Arylamine N-acetyltransferases (NAT1 and NAT2) acetylate and detoxify arylamine carcinogens. Humans harboring certain genetic variations within the NAT genes exhibit increased likelihood of developing various cancer types, especially urinary bladder cancer. Such DNA polymorphisms result in protein products with reduced cellular activity, which is proposed to be due to their constitutive ubiquitylation and enhanced proteasomal degradation. To identify the properties that lead to the reduced cellular activity of certain NAT variants, we introduced one such polymorphism into the human NAT1 ortholog hamster NAT2. The polymorphism chosen was human NAT1*17, which results in the replacement of R64 with a tryptophan residue, and we demonstrate this substitution to cause hamster NAT2 to be constitutively ubiquitylated. Biophysical characterization of the hamster NAT2 R64W variant revealed that its overall protein structure and thermostability are not compromised. In addition, we used steady-state kinetics experiments to demonstrate that the R64W mutation does not interfere with NAT catalysis in vitro. Hence, the constitutive ubiquitylation of this variant is not caused by its inability to be acetylated. Instead, we demonstrate this mutation to cause the hamster NAT2 protein to aggregate in vitro and in vivo. Importantly, we tested and confirmed that the R64W mutation also causes human NAT1 to aggregate in cultured cells. By using homology modeling, we demonstrate that R64 is located at a peripheral location, which provides an explanation for how the NAT protein structure is not significantly disturbed by its mutation to tryptophan. Altogether, we provide fundamental information on why humans harboring certain NAT variants exhibit reduced acetylation capabilities.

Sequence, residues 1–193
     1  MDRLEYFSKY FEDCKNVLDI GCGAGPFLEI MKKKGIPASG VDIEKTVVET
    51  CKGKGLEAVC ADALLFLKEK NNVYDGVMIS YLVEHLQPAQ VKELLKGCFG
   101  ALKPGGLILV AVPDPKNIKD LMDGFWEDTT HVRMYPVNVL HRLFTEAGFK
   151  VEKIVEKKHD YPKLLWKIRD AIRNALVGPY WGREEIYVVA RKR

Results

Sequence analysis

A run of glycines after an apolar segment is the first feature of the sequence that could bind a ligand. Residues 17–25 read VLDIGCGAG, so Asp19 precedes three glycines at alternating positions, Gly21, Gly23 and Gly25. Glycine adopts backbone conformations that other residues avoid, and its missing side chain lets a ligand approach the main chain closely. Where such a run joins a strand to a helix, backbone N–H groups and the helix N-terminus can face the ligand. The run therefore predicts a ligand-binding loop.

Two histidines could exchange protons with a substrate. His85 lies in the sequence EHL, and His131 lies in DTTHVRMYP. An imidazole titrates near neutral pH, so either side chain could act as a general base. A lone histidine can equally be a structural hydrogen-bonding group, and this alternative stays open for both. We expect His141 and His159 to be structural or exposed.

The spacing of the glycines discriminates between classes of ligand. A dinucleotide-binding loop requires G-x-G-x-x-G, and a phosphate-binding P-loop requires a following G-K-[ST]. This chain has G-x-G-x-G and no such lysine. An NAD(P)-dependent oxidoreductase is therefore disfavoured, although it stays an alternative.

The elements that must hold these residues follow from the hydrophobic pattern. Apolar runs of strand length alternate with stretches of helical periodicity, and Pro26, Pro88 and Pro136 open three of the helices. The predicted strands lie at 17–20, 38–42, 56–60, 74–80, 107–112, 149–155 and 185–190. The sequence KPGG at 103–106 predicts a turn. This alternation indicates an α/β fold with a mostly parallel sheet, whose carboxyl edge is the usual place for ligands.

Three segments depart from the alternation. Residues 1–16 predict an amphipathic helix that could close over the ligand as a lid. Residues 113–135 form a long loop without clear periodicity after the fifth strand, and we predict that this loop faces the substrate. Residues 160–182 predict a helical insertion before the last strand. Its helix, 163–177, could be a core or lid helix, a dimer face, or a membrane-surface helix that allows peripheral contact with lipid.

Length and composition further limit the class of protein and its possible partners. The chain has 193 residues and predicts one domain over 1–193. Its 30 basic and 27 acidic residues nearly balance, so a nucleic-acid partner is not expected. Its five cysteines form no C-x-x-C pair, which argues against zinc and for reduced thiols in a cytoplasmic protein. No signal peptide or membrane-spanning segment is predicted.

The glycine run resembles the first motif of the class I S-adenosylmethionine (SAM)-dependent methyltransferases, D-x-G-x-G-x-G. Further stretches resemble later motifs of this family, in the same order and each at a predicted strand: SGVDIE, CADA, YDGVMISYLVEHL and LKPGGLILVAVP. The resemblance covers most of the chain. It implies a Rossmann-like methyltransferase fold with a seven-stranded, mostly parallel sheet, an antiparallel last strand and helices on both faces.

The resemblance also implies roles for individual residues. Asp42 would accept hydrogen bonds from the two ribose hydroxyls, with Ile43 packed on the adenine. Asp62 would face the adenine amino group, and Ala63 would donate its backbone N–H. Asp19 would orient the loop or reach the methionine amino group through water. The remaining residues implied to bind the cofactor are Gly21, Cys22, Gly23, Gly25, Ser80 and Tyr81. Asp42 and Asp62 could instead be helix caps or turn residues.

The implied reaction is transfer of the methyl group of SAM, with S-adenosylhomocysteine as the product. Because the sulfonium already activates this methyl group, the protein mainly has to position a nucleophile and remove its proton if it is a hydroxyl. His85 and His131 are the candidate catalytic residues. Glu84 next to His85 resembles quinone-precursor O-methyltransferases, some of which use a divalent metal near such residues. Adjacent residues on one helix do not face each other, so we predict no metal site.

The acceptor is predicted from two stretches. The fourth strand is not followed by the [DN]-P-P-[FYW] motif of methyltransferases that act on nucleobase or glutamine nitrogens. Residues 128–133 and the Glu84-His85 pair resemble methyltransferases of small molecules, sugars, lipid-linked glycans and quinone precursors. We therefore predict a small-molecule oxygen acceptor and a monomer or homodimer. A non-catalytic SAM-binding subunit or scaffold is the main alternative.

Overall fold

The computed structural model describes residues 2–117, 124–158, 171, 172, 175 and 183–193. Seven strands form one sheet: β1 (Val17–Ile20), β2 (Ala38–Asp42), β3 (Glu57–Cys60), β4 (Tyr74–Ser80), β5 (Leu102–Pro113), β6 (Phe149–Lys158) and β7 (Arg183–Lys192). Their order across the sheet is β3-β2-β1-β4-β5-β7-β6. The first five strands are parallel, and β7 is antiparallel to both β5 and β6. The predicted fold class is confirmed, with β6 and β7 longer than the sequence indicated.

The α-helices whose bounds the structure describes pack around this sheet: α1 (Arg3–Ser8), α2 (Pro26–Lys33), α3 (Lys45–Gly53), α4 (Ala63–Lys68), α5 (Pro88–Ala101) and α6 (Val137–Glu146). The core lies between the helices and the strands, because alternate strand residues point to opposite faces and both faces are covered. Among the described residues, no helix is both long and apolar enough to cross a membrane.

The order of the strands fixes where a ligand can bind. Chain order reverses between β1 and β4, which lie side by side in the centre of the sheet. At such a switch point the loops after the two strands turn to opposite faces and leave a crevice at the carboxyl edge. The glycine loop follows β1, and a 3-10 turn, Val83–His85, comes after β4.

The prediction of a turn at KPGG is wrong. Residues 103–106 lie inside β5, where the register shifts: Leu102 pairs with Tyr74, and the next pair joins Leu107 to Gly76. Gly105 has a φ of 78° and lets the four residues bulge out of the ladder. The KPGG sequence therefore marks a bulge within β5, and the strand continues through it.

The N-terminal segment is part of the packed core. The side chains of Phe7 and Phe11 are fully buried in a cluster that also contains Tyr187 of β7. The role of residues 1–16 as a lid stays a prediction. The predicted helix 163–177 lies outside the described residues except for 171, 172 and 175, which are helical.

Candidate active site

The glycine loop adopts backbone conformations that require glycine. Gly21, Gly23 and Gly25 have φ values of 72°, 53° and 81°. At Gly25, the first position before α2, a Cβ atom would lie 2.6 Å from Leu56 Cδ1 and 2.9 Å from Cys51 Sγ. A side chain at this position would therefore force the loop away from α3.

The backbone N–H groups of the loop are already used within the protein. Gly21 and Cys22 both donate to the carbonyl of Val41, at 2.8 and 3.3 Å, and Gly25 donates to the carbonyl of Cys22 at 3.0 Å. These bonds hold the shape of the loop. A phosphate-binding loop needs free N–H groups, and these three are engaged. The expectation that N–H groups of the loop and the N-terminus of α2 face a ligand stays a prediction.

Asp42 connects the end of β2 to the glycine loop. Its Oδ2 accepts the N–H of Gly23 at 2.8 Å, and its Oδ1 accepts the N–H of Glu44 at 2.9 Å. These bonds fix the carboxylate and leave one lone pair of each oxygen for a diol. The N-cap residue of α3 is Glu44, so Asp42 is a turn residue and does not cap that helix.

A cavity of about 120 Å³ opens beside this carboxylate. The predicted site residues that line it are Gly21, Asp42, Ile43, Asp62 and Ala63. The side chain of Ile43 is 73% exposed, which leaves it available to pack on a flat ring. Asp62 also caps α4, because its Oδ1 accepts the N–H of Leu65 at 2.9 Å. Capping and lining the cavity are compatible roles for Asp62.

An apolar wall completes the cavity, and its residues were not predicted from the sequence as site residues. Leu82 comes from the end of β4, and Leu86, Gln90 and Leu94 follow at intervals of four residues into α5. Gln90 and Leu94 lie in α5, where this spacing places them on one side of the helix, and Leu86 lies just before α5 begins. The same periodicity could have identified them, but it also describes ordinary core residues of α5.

Bibliographical noteFunding Information:
We thank Dr Kevin Mayo and Dr Len Banaszak for the use of their CD spectrometer and DLS instrument, respectively. NMR data were acquired in the NMR facility of the UMN and we thank Dr David Live and Dr Beverly Ostrowsky for their technical assistance. Data processing and visualization occurred in the Minnesota Supercomputing Institute Basic Sciences Computing Laboratory. This work was funded by grants from the National Institutes of Health CA097004 (K.J.W.) and the UMN Grant-in-Aid of Research, Artistry, and Scholarship (K.J.W.), Minnesota Medical Foundation (K.J.W., NMR facility), Academic Health Center Faculty Research Development Grant (K.J.W., D.M.K., C.R.W., P.E.H.) and NSF BIR-961477 (NMR facility).
- arylamine N-acetyltransferase
- protein aggregation
- protein degradation